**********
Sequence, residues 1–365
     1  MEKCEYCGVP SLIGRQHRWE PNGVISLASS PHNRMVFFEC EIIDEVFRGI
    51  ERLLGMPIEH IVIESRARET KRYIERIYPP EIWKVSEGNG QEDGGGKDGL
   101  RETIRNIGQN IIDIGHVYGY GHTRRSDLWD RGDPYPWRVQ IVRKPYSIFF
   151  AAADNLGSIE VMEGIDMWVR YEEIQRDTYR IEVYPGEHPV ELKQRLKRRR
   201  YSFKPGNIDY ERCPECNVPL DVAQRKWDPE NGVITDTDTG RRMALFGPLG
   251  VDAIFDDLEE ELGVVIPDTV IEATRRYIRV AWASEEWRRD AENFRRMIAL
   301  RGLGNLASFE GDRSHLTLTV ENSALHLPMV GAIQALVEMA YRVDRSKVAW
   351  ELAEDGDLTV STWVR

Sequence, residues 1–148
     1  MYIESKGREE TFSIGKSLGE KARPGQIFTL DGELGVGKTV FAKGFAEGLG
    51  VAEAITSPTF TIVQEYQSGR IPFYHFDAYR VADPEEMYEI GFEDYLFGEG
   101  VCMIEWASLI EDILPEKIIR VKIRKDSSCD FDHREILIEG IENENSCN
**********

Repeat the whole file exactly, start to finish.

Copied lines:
Sequence, residues 1–365
     1  MEKCEYCGVP SLIGRQHRWE PNGVISLASS PHNRMVFFEC EIIDEVFRGI
    51  ERLLGMPIEH IVIESRARET KRYIERIYPP EIWKVSEGNG QEDGGGKDGL
   101  RETIRNIGQN IIDIGHVYGY GHTRRSDLWD RGDPYPWRVQ IVRKPYSIFF
   151  AAADNLGSIE VMEGIDMWVR YEEIQRDTYR IEVYPGEHPV ELKQRLKRRR
   201  YSFKPGNIDY ERCPECNVPL DVAQRKWDPE NGVITDTDTG RRMALFGPLG
   251  VDAIFDDLEE ELGVVIPDTV IEATRRYIRV AWASEEWRRD AENFRRMIAL
   301  RGLGNLASFE GDRSHLTLTV ENSALHLPMV GAIQALVEMA YRVDRSKVAW
   351  ELAEDGDLTV STWVR

Sequence, residues 1–148
     1  MYIESKGREE TFSIGKSLGE KARPGQIFTL DGELGVGKTV FAKGFAEGLG
    51  VAEAITSPTF TIVQEYQSGR IPFYHFDAYR VADPEEMYEI GFEDYLFGEG
   101  VCMIEWASLI EDILPEKIIR VKIRKDSSCD FDHREILIEG IENENSCN